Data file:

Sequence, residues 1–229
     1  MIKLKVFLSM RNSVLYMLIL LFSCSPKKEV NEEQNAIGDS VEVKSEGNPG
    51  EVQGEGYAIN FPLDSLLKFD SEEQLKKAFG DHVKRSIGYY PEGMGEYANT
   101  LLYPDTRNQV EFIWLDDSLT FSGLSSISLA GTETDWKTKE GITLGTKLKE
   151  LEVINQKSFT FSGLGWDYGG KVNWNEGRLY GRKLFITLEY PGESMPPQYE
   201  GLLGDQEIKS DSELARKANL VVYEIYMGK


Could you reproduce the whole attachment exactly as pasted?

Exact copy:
Sequence, residues 1–229
     1  MIKLKVFLSM RNSVLYMLIL LFSCSPKKEV NEEQNAIGDS VEVKSEGNPG
    51  EVQGEGYAIN FPLDSLLKFD SEEQLKKAFG DHVKRSIGYY PEGMGEYANT
   101  LLYPDTRNQV EFIWLDDSLT FSGLSSISLA GTETDWKTKE GITLGTKLKE
   151  LEVINQKSFT FSGLGWDYGG KVNWNEGRLY GRKLFITLEY PGESMPPQYE
   201  GLLGDQEIKS DSELARKANL VVYEIYMGK